Keys to Mastery

May 19th, 2016 | Posted in Confidence, Effectiveness, Fit Leader, Leadership Fitness, Reading List by

I just finished reading Mastery by Robert Greene. In this post, I share some of the main highlights of this elegant guide to achieving mastery in life.

Pick a Lane

To become masterful in life, we must discover our Life’s Task. “Picking a lane” ensures we stay focused on where we can make our greatest impact, by leveraging our strengths and unique abilities. Pick something that brings you joy!

Don’t Skip an Apprenticeship

Choose one or more mentors and truly open up to them so you can absorb their wisdom and experience. Don’t rush this necessary investment in honing your talent.

At the same time, remember the words of Leonardo da Vinci: “Poor is the apprentice who does not surpass his Master”, and the words of Friedrich Nietzsche: “One repays a teacher badly if one remains only a pupil”.

Be Willing to Fail

Greene speaks of two types of failure. The first type comes from the fear of even stepping up to the plate, which means we are living too cautiously to ever accomplish much of anything.

The second type of failure comes from a boldness and adventurous spirit where we learn from what doesn’t work. It can actually be a curse to have things turn out right the first time. We have everything to gain from failure.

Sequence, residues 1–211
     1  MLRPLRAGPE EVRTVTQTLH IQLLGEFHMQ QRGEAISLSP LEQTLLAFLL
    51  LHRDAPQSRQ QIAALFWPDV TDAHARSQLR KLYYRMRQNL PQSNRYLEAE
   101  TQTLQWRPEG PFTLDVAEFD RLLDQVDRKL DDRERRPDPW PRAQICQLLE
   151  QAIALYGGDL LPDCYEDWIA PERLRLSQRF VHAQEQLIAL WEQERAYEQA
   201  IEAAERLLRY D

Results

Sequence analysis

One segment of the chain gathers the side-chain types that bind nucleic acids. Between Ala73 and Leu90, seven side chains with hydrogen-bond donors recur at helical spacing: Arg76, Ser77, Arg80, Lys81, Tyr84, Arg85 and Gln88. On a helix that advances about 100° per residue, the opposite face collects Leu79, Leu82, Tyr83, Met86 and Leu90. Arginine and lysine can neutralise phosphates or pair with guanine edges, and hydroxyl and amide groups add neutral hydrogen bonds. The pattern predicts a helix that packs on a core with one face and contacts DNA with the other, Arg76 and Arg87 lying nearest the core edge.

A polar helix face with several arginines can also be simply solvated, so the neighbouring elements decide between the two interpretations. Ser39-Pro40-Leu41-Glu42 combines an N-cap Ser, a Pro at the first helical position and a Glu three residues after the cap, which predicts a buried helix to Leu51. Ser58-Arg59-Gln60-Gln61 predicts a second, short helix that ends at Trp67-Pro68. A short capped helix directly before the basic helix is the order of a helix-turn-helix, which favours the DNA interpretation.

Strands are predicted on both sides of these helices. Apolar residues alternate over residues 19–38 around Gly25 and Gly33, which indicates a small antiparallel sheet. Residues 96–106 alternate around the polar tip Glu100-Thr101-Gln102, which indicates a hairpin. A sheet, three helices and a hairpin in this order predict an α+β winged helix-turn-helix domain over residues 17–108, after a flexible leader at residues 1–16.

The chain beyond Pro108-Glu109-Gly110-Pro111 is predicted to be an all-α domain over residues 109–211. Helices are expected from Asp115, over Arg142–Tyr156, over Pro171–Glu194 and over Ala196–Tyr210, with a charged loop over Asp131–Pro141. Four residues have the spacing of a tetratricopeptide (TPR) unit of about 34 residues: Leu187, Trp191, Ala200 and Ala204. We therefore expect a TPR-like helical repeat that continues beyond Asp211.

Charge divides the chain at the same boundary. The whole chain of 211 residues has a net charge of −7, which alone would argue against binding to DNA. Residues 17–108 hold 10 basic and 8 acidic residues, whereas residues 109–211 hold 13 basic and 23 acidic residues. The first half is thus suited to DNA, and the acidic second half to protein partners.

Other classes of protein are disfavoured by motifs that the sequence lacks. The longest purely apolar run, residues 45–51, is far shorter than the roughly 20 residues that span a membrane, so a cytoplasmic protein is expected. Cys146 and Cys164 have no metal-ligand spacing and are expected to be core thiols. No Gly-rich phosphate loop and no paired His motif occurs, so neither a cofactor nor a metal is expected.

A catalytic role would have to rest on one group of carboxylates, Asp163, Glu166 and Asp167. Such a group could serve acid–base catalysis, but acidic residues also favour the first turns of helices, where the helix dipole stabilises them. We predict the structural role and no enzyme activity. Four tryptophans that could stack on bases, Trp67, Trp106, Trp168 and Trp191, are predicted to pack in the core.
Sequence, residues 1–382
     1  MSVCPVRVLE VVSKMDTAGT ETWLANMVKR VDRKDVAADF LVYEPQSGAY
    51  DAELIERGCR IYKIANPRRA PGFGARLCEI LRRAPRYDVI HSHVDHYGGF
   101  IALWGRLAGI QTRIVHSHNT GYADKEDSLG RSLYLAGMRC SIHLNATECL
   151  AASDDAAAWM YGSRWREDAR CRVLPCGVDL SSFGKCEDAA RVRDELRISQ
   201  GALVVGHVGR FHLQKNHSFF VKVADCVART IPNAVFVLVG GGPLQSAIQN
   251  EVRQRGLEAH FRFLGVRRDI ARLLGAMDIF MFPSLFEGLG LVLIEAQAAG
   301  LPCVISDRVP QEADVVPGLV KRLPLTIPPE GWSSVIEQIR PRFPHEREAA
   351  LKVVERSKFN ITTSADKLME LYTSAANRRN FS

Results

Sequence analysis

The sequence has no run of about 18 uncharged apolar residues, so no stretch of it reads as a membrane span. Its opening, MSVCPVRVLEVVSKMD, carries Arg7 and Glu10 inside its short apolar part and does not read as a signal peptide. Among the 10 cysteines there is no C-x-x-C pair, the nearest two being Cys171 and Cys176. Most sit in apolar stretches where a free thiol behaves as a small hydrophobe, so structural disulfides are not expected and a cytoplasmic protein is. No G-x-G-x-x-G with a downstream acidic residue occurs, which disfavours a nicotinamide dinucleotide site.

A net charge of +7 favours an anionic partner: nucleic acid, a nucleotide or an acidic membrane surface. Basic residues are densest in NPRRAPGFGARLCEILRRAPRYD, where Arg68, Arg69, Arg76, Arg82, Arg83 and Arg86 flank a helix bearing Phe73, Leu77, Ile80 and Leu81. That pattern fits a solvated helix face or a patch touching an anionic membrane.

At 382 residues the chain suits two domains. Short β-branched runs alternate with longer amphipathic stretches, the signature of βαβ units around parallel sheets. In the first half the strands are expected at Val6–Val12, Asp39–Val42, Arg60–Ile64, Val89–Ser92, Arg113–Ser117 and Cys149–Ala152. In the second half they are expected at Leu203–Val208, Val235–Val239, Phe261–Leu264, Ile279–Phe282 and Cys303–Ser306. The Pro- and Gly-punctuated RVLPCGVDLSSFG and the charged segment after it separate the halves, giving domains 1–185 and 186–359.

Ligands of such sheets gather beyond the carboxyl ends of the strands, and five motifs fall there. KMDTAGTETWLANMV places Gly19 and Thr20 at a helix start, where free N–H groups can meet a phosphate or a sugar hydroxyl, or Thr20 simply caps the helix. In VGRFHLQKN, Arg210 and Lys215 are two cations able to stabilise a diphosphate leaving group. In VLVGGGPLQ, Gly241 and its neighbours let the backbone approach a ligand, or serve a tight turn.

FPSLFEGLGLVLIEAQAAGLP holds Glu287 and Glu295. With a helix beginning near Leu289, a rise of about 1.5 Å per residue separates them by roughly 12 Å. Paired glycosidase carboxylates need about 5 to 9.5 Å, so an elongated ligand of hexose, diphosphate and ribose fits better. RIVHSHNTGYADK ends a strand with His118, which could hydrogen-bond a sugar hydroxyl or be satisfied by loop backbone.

Avoid Familiarity and Comfort

As we begin to taste success, we can become complacent and lose our initial creative drive to continually improve our craft.

We must continue to challenge ourselves and avoid becoming too comfortable with what we have accomplished to date.

Allow for Serendipity

Our best ideas often come to us when we are not concentrating directly on a problem. Whether it is drifting off to sleep, taking a shower, exercising or going on a vacation, these moments can yield chance associations and discoveries when we least expect them.

Invest in Your Success

They say it takes about 10 years to become an overnight success. As Greene puts it in Mastery, “you must not ignore the years of practice, the endless routines, the hours of doubt, and the tenacious overcoming of obstacles…Creative energy is the fruit of such efforts and nothing else”.

Each of us carries the potential to become a Master. Study the behaviors of Einstein, Darwin, Edison and nine contemporary creative geniuses in Robert Greene’s Mastery.

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